MUSKEGON, Mich. -- Scanning a freshly dry-walled room, Muskegon High School Seniors Jamea Fox and Andrea Reyna explained how they created the ceiling design.
"I can't wait to see the finished product," said Reyna. "When it's done I can be like, 'I did this ceiling.'"
Reyna and Fox are two of 15 students this year to participate in Community enCompass' home rehabilitation program in Muskegon. Beginning this summer, they learned construction skills to restore a home, and now train volunteers to ready it for sale. They are paid through the DTE Energy Foundation.
This early 20th century craftsman style home they are restoring was vacant for years on the 1200 block of 4th Street. Now it's off the market and spoken for.
"It's basically a classroom," said Kimi George, rehab specialist with Community enCompass.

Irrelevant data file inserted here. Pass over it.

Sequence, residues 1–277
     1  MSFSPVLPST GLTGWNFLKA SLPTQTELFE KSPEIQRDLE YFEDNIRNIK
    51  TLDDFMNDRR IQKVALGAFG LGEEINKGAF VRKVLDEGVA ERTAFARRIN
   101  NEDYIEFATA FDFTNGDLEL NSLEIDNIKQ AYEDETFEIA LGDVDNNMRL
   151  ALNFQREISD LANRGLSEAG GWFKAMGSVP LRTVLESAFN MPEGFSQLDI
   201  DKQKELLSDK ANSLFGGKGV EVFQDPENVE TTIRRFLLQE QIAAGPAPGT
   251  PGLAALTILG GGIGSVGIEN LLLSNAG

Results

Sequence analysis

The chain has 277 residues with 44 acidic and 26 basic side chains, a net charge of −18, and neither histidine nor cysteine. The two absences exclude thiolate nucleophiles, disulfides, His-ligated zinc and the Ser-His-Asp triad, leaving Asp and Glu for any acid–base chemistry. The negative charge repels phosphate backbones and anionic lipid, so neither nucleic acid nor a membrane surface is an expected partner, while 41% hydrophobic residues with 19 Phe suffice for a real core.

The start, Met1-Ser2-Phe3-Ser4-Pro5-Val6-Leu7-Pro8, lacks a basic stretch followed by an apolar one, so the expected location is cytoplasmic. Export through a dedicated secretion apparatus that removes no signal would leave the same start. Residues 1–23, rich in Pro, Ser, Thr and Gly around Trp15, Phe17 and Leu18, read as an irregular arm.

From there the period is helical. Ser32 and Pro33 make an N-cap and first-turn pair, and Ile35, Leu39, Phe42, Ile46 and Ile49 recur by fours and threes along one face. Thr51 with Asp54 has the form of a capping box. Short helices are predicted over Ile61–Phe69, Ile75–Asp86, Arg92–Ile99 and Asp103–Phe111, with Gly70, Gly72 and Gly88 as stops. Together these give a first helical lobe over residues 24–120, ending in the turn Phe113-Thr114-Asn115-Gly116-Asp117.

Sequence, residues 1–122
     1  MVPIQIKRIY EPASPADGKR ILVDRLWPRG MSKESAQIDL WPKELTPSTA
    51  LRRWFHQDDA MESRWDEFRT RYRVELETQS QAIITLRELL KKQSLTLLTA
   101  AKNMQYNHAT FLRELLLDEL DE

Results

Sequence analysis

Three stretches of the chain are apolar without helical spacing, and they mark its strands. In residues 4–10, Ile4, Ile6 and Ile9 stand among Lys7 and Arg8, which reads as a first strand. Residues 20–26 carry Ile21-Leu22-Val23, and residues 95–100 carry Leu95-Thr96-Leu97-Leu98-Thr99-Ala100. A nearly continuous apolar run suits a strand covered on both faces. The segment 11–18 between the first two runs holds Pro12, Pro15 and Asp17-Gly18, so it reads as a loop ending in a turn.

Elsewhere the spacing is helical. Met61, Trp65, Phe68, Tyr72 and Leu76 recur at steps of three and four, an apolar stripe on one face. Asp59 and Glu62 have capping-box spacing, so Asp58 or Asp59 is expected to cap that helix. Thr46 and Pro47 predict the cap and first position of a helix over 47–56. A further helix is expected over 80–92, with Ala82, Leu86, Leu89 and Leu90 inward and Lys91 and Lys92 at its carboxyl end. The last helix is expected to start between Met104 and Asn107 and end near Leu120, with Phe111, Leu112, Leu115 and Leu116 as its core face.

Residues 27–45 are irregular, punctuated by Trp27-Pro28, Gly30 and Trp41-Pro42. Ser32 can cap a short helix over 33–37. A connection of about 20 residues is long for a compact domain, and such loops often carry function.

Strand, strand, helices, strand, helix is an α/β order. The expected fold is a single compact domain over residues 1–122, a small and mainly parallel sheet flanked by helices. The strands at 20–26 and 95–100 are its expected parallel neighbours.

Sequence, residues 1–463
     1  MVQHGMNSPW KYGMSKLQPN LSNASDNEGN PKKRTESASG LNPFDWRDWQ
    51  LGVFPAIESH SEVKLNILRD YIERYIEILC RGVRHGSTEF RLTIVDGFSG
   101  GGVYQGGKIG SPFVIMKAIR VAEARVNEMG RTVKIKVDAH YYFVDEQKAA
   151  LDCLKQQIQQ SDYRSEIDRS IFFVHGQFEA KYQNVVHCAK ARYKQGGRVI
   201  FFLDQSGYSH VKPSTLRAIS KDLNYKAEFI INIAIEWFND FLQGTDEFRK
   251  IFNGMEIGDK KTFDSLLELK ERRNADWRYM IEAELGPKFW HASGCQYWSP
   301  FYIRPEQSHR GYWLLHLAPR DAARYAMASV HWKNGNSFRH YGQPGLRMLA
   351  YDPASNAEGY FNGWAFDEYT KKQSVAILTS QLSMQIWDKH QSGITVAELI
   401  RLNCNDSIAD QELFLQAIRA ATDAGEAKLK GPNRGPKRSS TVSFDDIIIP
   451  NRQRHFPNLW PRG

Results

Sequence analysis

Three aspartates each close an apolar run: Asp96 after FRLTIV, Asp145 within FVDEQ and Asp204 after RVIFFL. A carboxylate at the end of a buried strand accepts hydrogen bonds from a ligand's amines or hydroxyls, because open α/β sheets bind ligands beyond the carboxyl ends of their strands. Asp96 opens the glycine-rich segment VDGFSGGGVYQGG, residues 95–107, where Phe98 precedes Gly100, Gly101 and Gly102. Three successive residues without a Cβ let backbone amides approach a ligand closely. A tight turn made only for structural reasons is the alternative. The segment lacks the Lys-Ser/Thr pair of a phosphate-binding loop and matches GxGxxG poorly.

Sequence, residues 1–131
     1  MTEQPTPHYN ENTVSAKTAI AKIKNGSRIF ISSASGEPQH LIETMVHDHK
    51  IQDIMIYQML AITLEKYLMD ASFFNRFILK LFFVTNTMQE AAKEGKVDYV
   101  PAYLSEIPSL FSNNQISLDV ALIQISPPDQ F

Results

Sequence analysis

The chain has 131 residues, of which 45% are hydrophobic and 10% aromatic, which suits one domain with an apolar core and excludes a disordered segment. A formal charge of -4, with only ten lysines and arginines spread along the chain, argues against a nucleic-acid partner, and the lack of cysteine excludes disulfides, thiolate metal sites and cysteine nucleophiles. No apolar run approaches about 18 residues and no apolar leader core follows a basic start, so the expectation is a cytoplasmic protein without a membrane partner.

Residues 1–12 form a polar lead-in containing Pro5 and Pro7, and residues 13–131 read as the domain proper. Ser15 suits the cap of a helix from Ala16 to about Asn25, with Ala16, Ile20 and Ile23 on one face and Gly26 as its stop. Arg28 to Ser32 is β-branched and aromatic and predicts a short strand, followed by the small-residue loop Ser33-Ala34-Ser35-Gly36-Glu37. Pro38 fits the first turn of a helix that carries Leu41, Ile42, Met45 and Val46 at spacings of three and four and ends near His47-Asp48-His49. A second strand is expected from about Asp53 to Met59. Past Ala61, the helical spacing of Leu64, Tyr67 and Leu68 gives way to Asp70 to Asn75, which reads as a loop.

In its fifth year restoring typically vacant condemned homes for sale, George says Community enCompass rehabs involve hundreds of volunteers, local students and donated material.
"This is kind of the answer to a dream," said George.
"One of my coworkers and I had this idea, what would it be like to purchase a home and fund it with no strings attached through donations, private funding, so that we could have a classroom and provide training, hands on training, for our area youth."
It's a vacant home that's now off the market, gaining neighbors' attention and helping to kick-start careers.
"It just seemed fun you could learn new stuff," said Fox.
"If something ever got messed up in my own house I can probably help fix it. And when I get older and get ready to buy my own house, I won’t have to hire a whole bunch of people to do work that I already know how to do.”